Even though Barnes & Noble likes to brag about how wonderfully they're doing, the cost-cutting bug hasn't skipped over. Here Publishers Weekly discusses the impact on small presses of B&N's recent layoff of some four dozen staffers, including several long-time buyers and merchandisers which include the company's director of small press and vendor relationships. Holding to the truism that companies don't like to mayke announcements of bad news, there is no B&N release on the layoffs, their latest is to wax enthusiastic about periodical sales for the Nook.
The news from Borders is that publishers are supposed to indicate next week if they will trade their accounts receivable for a promissory note. And there were more layoffs at HQ. They raised some cash by selling their Day by Day calendar kiosk business to Calendar Club. Can't be much, though, because the kiosks are a seasonal business, and the business can't be much more than selling the rolodex of contacts to talk to about leasing space next year. Somebody I know who works at a Borders says they're on skeleton staff and still supposed to take out 80 more hours from the store payroll, and there's a big push to sell the Borders Rewards membership upgrades. I wish this process wasn't dragging on so long, annoying customers, employees, publishers, pretty much all of the so-called "stakeholders" as Whole Foods likes to call them. I suspect there are some ego issues involved. The very rich Bennett Lebow doesn't want to admit he made a mistake putting money into Borders last spring. Nor does the very rich and often full of dumb ideas William Ackman of Pershing Square Capital. They have too much at stake in a Chapter 11 filing, they're not afraid to have collateral damage in trying to avoid the filing. They're rich enough they can lean on a bank to refinance Borders, but the bank has to do something to make it seem like there's a good reason to put cash into the business hence the hard sell on the fig leaf of having the publishers share in the sacrifice. So it drags on.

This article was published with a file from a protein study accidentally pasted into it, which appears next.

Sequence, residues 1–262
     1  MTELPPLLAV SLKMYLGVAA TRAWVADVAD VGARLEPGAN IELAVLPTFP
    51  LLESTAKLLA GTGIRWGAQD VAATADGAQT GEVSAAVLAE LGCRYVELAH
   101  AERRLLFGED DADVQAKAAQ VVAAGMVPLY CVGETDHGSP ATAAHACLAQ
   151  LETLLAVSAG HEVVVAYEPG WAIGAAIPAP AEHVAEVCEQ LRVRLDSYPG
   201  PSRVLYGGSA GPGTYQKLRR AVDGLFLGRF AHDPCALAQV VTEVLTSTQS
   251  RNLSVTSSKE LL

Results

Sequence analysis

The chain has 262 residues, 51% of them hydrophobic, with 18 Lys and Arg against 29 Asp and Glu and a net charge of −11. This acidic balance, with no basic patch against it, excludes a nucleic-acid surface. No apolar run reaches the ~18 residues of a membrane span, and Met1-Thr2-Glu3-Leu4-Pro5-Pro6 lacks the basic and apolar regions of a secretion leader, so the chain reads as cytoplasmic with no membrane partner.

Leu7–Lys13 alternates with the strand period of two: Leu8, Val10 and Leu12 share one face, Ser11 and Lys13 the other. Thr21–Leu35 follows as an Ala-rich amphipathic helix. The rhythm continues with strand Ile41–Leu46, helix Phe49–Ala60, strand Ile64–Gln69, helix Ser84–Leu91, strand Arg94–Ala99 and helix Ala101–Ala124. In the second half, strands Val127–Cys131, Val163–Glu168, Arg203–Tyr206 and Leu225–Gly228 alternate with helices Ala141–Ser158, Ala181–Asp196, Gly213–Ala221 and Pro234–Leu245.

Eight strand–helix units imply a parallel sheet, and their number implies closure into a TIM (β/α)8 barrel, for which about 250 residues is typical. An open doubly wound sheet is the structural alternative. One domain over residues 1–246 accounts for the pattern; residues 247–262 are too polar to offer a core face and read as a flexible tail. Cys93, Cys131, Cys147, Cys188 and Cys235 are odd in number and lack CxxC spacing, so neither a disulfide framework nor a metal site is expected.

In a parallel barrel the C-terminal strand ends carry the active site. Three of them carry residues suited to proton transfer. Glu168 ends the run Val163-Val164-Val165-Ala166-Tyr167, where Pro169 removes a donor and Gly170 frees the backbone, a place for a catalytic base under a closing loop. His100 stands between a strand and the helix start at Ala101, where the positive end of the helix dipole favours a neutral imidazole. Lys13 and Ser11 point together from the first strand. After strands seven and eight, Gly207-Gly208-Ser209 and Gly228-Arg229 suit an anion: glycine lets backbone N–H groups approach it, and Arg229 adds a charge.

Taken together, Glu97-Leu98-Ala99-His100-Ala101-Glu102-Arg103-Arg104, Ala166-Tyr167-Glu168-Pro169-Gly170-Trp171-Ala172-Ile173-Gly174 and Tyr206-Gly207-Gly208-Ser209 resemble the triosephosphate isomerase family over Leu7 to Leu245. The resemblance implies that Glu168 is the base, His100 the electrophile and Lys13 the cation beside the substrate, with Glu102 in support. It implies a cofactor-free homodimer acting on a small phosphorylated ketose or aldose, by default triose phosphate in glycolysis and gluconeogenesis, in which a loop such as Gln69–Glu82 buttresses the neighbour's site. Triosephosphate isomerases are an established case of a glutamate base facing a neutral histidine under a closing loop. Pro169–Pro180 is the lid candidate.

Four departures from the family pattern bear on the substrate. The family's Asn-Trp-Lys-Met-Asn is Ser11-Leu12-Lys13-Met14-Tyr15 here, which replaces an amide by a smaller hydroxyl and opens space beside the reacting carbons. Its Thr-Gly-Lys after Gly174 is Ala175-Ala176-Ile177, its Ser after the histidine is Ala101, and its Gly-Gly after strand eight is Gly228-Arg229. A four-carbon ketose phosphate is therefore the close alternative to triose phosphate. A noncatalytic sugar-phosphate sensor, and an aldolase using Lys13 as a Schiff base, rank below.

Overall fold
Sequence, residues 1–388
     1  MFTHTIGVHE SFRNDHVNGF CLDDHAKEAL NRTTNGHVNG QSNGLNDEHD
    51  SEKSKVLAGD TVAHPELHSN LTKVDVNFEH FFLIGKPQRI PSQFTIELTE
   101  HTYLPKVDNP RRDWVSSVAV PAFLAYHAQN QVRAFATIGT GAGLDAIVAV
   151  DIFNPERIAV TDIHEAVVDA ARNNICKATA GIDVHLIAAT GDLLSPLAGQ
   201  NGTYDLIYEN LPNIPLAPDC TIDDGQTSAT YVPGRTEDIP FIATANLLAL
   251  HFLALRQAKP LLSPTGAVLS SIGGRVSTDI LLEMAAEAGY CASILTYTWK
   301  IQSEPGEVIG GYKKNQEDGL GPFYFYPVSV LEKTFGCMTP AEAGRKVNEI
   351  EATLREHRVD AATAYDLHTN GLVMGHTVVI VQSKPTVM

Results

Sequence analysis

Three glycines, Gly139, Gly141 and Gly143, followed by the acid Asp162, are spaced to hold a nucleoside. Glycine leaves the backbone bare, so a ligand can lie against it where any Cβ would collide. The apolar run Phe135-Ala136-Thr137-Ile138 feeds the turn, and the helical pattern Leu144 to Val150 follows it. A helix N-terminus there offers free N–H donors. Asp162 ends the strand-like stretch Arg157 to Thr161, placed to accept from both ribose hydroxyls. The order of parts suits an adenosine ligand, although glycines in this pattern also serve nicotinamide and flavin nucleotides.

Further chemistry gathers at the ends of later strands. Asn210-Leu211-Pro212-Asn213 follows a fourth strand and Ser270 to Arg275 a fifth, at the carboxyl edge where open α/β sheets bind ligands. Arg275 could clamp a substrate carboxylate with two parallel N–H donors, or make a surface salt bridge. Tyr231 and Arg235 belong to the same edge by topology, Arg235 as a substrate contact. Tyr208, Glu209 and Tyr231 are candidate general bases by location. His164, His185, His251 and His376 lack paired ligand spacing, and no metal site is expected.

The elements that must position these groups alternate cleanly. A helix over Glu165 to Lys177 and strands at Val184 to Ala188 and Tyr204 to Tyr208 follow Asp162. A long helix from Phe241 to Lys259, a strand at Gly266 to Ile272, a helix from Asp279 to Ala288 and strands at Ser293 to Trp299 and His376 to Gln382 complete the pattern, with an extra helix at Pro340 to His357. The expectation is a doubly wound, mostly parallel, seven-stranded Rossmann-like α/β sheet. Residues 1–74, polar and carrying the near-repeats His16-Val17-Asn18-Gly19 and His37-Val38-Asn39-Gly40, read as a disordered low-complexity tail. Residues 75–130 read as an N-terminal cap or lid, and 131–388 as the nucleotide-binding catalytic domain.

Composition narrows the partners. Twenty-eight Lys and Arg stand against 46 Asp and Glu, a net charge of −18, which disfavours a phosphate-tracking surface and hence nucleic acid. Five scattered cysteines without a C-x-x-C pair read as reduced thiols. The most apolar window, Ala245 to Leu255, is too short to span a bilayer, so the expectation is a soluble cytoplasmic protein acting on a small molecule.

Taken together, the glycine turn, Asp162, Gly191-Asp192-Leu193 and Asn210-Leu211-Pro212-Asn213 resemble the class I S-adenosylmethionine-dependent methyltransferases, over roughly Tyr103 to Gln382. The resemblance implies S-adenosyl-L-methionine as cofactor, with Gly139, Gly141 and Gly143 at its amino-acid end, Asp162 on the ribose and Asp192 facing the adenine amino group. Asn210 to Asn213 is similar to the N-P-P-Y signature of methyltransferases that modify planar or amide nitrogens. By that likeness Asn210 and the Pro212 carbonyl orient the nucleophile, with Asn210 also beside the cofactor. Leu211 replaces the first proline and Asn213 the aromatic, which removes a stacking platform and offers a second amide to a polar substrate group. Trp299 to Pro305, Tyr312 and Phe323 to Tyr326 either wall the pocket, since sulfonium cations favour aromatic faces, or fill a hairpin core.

The Queens Public Library is no longer buying books. They decided it was more important to keep staff and hours at the branches then to buy books to put into said branches, so until their funding renews maybe in July they've put a stake in the book buying budget. Ain't that cheery!
- The Brillig Blogger
- A blog wherein a literary agent will sometimes discuss his business, sometimes discuss the movies he sees, the tennis he watches, or the world around him. In which he will often wish he could say more, but will be obliged by business necessity and basic politeness and simple civility to hold his tongue. Rankings are done on a scale of one to five Slithy Toads, where a 0 is a complete waste of time, a 2 is a completely innocuous way to spend your time, and a 4 is intended as a geas compelling you to make the time.